You might ask, how does all this align with employee burnout? It’s similar when a family travels by plane. During the instruction orientation about what to do when you have to use oxygen masks, parents should take care of themselves first, and their kids come as second. Your employees trust you to lead the company, but you need to take care of yourself and your health before taking care of your burned-out employees.

Three tips on how to recover your employee from burnout.

Now when you’ve taken care of yourself, you have more energy to help your employees that might unknowingly suffer from burnout.

Take the mental health of your employees seriously.

The topic of mental health issues is a sensitive topic that not many are eager to discuss, especially in a confrontation with their employers. Depending on how many employees you have, handling this with an emotional rating system can be seen as superficial and impersonal. A better way to go about it can be to talk about it to your whole team. If you expect your employees to be open and show vulnerability, you need to lead the way. Show it yourself, be honest about your struggles. Not only will you show a more personal side of yourself, which tends to be forgotten in everyday life, but more importantly, will your employees feel that it’s okay to show that side of themselves.  

If you know your employee well enough, you can try to have a confidential and private one-on-one conversation. Some people are more open and comfortable to talk about their mental health but keep it within the boundaries of the law.

Be careful about performance rewards.

Performance rewards are a common tactic to increase motivation and get your employees to work harder, which is fine for a while. But you need to know two things about performance rewards. The thin line between the prize working as a motivational factor and when it transitions into unnecessary pressure to keep pushing harder, which is a downward spiral leading to burnout.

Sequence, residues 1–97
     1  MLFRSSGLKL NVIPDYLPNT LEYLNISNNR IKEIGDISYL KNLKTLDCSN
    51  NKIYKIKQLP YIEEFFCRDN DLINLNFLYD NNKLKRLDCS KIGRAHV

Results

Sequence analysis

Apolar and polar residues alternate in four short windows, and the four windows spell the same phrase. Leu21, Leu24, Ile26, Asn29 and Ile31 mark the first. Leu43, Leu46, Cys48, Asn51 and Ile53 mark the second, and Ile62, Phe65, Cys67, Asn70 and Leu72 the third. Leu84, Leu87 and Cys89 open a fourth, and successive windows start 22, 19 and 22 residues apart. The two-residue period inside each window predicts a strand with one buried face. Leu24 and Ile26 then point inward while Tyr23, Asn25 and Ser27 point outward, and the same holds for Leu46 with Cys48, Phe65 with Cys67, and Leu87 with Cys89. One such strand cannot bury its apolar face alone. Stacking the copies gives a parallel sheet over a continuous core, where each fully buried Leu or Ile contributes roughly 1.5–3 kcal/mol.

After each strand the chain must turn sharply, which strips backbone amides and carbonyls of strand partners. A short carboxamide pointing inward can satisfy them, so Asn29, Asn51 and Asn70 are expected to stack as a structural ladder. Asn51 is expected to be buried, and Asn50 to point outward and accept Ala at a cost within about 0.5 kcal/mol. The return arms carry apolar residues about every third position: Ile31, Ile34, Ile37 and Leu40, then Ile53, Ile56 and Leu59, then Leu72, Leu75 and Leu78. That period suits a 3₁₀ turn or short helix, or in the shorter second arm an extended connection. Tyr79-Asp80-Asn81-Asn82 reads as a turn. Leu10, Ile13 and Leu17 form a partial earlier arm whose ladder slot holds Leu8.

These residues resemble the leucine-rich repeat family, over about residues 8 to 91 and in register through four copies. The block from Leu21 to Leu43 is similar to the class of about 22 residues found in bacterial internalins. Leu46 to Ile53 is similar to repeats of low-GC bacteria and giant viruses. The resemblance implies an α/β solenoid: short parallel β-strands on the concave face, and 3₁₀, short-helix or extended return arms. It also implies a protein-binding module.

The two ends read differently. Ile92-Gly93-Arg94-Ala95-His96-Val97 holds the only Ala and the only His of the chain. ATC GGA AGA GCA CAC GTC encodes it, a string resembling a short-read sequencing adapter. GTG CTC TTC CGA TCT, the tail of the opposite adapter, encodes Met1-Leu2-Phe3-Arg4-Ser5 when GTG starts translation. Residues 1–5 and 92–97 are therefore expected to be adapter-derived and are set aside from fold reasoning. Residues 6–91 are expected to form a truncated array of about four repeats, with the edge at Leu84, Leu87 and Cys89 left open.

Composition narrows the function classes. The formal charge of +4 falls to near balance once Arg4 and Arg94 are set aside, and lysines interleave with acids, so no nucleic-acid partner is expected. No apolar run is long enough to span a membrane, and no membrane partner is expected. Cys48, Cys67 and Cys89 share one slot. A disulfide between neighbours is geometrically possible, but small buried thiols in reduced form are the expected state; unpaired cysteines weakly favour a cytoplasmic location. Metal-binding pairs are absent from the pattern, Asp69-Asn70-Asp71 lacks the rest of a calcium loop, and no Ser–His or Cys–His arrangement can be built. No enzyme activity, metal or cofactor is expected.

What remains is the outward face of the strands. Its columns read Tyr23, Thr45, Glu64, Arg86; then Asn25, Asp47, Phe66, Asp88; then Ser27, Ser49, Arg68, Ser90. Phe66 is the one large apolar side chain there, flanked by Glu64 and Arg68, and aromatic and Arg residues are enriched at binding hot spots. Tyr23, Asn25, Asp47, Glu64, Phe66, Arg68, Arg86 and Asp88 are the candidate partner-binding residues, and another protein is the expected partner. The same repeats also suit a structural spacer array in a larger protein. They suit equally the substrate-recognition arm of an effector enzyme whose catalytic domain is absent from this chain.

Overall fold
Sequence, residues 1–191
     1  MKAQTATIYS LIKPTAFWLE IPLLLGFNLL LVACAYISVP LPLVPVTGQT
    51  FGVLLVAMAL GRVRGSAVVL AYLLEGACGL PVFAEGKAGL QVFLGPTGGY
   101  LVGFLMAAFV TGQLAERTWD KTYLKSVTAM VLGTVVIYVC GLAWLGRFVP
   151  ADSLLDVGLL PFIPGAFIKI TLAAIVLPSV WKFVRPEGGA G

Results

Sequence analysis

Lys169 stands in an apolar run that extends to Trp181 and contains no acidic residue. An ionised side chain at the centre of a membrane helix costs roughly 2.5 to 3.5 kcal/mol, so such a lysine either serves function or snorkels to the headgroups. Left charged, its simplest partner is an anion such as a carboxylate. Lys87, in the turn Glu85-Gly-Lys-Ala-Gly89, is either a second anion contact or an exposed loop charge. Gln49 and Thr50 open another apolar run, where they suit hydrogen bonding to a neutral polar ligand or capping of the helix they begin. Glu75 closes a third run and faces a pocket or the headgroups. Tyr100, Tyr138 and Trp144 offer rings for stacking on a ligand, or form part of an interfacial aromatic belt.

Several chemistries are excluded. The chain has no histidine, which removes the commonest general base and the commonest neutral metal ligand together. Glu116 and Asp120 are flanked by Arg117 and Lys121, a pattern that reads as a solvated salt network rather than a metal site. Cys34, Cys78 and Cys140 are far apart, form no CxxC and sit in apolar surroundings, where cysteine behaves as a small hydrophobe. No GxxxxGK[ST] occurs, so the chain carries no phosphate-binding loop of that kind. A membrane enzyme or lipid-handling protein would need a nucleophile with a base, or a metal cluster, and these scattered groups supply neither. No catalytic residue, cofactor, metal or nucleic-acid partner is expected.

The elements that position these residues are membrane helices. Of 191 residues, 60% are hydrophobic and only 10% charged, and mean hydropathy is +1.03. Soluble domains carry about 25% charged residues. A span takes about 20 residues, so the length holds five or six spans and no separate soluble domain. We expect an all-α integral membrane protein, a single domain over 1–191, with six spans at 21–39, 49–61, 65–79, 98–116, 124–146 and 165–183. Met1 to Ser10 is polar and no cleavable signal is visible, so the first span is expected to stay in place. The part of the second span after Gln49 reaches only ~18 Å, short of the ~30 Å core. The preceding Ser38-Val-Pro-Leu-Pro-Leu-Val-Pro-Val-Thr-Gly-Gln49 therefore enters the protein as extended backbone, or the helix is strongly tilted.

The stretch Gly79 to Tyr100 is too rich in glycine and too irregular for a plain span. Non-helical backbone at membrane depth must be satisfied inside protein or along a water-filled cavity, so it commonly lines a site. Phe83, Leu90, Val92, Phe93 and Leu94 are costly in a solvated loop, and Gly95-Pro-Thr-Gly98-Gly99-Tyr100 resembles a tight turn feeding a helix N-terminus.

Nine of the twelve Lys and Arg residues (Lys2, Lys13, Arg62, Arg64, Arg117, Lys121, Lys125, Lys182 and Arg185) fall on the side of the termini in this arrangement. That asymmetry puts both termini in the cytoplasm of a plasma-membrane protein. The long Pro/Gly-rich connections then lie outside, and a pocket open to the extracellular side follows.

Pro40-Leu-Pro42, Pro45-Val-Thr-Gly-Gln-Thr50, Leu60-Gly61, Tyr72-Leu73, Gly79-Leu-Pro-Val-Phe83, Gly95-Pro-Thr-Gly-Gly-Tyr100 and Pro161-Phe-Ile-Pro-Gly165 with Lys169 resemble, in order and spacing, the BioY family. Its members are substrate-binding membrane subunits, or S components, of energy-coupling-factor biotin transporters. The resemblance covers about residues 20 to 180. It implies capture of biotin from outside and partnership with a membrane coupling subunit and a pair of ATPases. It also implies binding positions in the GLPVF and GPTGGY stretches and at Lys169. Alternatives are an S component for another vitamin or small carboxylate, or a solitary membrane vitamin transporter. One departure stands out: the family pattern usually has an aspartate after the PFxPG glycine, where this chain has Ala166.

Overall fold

Of course, these kinds of rewards have their place, but you might consider implementing perks, reflecting on other things rather than simple performance. 

Especially in today’s world, where most work is done remotely, people need to be reminded that they matter as humans and not only for what they can do. When you have a small team, you can host online meetings and have fun team-building activities. They will get a sense of community, and you can learn something new about them and come up with a genuine reward, no matter if they did or didn’t create monetary value. If you plan to keep them at your workplace and help them get through burnout, you need to let them know they matter.

Give your employees the flexibility of their work schedules.

Ever since the lockdown started and remote work became a new norm, many people experienced that personal and professional life began to blend. It’s increasingly difficult to separate them, and the feeling that you’re always on the clock can lead to burnout. In this scenario, your employees can benefit from taking control over their work schedules to create their work-life balance. A study has shown that 43% of employees are less likely to experience severe work-stress when they can decide how and when they finish their tasks.

Key takeaway

Burnout is a globally recognized occupational phenomenon that many employers are trying to tackle. A study has shown that 67% of full-time workers experience burnouts, and founders are no exception. With their overwhelming amount of responsibilities to keep their business alive, they are twice as likely to develop a mental health issue, resulting in burnout. As leaders of their own companies, they need to first take care of themselves before helping their employees with their burnouts.

As a business owner, there are things you can consider when you’ll try to help your employees overcome a burnout. You can discuss it with them, so you’ll understand how it happened, make your employees feel they matter, and give them some power to schedule their work-life balance during this pandemic.